Inches Above: Men in Heels

Men in Heels

French or English mid--17th century. Red heeled boy's shoe, buff sueded with stacked leather ‘polony’ heel.

On May 8, the Bata Shoe Museum, the curious footwear museum in downtown Toronto, will unveil its latest coup: “Standing Tall: The Curious History of Men in Heels.” According to the museum’s curator Elizabeth Semmelhack, the practice of men wearing heels dates back to 9th century Persia, with horseback warriors utilizing the heels as functional stirrup holders. Fast forward to the height of French aristocracy and heels were very much a part of 17th century status. Louis XIV of France, a noted shoe collector and fashion cognoscenti, wore red (a difficult to come by and expensive hue) shoes often with stacked leather “polony” heels as the ultimate sign of political puissance and nobility above all. “When heels were introduced into fashion at the turn of the 17th century, men were the first to adopt them,” explains Semmelhack. “And they continued wearing heels as expressions of power and prestige for over 130 years.”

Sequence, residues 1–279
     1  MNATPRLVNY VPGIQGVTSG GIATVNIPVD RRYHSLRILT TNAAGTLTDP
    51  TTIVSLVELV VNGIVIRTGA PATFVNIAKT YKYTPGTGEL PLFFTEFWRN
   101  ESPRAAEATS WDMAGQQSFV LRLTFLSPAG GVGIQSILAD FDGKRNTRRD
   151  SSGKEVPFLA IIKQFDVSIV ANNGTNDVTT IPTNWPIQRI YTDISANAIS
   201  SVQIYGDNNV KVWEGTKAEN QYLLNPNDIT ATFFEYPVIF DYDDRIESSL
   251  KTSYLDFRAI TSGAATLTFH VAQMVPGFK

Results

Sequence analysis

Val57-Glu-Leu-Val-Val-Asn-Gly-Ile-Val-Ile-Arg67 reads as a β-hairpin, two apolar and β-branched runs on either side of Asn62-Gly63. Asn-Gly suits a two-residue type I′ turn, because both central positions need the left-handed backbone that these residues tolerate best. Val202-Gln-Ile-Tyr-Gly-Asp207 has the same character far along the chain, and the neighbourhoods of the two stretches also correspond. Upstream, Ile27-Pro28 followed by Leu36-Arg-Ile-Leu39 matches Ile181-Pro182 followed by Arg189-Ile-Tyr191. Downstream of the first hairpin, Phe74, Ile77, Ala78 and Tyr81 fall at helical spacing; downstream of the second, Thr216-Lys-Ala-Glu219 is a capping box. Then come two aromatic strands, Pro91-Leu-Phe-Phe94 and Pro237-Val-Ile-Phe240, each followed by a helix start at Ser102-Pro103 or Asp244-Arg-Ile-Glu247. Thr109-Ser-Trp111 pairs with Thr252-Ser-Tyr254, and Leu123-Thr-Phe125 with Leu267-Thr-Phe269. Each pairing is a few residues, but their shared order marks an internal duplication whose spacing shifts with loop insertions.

Over the centuries, men in heels began to signify something new: John Lennon wore the “Beatle Boot” as part of “neo-peacocking” in the 60s, David Bowie paraded in heels as his Ziggy Stardust alter ego, and Elton John wore heels as part of his elegant stage costumes in the ‘70s. Possibly the most well known heel is on the leather workman’s shoe—some, with equestrian durability and grace, dating back to 19th century Germany, and others, like cowboy boots and post-WWII biker boots, to 20th century America.

“Standing Tall: The Curious History of Men in Heels" runs through May 2016 at the Bata Shoe Museum.